Generally speaking, those who become partners with augmentative or alternative communication do so because someone they care about needs support. AAC assistive solutions are a powerful way to engage the thoughts and ideas of a person whose voice might be hard to hear without technology.
But successful AAC use is MUCH more than just handing a device to a struggling communicator and expecting them to tap out their inner most feelings. Successful AAC users need a team.
Cheris Frailey, CCC-SLP, teaches, “The use of AAC is not successful with just the student alone. It is the responsibility of the AAC team to facilitate, educate, and encourage use of the device throughout the day. Parents, teachers, OTs, PTs and SLPs must work together in order for the student to succeed at using his/her AAC device.”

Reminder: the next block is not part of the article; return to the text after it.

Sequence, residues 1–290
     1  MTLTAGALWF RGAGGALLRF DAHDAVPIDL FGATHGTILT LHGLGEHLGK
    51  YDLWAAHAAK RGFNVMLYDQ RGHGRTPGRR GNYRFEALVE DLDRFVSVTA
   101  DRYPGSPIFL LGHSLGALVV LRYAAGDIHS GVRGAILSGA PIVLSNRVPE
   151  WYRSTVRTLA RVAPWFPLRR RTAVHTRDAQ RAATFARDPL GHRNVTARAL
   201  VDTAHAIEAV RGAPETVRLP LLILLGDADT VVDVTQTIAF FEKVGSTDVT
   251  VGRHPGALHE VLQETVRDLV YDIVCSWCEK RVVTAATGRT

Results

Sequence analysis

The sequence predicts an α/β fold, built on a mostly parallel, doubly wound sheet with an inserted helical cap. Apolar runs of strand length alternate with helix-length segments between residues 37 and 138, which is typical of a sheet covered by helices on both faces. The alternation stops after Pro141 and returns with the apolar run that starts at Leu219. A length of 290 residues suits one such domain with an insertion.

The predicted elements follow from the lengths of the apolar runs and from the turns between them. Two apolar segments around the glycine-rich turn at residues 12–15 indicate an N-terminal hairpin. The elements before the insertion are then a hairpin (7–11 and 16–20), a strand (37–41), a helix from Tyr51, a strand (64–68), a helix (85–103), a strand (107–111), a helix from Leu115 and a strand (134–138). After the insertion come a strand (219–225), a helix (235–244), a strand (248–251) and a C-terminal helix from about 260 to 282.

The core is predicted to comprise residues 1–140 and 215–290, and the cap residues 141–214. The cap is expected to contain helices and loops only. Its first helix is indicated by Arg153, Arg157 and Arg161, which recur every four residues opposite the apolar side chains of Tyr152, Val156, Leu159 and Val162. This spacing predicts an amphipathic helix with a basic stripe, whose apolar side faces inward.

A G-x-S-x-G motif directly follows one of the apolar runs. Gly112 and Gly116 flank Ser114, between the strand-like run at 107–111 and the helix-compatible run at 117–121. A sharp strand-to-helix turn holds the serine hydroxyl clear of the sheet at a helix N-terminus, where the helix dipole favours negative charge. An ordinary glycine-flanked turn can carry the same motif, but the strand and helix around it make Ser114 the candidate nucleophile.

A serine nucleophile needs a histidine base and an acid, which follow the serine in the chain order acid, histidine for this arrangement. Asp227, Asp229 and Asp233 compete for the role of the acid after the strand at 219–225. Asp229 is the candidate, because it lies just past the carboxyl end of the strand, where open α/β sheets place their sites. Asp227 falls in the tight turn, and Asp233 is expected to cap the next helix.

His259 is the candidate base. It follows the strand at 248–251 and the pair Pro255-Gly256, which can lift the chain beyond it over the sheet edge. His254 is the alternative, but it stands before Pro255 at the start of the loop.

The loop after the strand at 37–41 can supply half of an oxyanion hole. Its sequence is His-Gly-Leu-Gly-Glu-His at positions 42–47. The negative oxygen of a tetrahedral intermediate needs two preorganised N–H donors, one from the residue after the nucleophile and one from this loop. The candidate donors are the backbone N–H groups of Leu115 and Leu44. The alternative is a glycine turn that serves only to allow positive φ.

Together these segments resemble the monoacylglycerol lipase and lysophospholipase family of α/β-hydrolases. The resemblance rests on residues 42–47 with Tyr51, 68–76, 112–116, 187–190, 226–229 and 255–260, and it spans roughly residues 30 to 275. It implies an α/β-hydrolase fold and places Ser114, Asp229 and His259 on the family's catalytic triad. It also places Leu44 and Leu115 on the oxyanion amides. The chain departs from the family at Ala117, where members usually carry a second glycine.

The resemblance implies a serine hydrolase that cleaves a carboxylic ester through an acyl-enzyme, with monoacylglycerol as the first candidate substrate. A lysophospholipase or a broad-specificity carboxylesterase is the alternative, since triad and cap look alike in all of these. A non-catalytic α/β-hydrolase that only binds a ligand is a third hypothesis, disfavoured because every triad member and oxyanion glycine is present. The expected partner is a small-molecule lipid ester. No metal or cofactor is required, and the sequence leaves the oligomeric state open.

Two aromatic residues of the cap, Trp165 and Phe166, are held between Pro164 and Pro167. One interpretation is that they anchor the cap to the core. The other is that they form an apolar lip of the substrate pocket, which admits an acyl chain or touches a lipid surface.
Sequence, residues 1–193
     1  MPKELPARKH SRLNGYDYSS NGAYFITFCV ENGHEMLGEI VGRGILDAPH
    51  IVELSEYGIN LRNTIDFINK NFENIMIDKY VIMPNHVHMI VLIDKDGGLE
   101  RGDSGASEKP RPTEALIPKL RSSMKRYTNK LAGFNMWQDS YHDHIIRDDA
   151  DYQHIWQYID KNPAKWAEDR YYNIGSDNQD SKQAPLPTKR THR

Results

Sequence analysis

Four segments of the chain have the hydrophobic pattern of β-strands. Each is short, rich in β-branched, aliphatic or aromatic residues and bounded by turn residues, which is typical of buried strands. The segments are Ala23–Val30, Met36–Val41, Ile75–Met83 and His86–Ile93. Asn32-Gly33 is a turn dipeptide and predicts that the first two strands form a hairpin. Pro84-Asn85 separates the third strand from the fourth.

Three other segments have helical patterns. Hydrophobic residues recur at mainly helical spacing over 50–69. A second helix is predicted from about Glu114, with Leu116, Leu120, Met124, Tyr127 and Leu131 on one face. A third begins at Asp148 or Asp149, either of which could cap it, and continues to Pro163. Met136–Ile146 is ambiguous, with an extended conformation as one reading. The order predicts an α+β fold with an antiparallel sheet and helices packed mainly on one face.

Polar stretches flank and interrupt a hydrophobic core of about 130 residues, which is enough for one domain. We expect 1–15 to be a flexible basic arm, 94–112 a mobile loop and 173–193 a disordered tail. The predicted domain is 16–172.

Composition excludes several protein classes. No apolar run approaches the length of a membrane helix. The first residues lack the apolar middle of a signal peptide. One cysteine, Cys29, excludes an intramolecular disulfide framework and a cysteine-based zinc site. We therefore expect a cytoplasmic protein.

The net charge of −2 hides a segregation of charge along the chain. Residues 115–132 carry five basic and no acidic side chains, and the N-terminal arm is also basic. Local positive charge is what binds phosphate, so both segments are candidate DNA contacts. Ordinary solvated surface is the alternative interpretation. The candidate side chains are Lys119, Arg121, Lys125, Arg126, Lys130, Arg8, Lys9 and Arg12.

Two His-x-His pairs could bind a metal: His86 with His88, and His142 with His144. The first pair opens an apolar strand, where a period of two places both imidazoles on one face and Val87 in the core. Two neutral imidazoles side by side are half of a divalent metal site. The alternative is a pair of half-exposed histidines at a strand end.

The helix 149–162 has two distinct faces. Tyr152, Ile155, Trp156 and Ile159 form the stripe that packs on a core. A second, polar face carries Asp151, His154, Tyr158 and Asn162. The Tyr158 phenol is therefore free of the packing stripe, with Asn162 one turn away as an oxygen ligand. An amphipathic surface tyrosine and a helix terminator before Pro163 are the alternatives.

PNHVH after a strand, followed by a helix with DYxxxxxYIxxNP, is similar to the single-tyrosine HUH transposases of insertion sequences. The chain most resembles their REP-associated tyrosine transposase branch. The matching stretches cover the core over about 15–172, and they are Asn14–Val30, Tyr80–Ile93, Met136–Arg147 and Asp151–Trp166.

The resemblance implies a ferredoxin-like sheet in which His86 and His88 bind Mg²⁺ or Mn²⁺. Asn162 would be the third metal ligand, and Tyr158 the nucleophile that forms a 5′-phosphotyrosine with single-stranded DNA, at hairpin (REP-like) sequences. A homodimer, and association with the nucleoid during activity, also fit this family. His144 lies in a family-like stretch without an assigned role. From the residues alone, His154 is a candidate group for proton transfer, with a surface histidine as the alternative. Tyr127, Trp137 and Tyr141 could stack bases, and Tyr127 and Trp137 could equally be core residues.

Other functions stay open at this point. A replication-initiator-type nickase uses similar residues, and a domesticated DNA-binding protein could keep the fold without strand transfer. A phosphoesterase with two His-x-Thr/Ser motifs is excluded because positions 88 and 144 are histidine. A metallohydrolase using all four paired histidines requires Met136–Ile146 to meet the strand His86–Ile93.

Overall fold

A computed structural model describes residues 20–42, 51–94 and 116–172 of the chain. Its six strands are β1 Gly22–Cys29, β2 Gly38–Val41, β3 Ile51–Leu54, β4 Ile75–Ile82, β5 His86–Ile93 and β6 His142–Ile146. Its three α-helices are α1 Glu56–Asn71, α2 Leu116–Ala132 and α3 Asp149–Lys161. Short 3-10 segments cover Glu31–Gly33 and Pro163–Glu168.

An enthusiastic parent who models and encourages use of AAC can be undermined by a teacher who is unwilling to do the same. An incredible therapist engaging AAC during therapy can’t make nearly as much progress unless the family also climbs on board and communicates using the technology at home.
If each person – parent, sibling, teacher, therapist, technician, friend– chooses to reach in and grab their own piece of AAC pie, pretty quick the communicator will be surrounded by reinforcement, assistance, and support and will know they are not alone on this journey.
Communication is powerful, and being a part of the group that makes it happen is a beautiful thing.
Because AAC is not a one man show.
Successful communication takes a team -- and there is no “i” in team…(or in CoughDrop).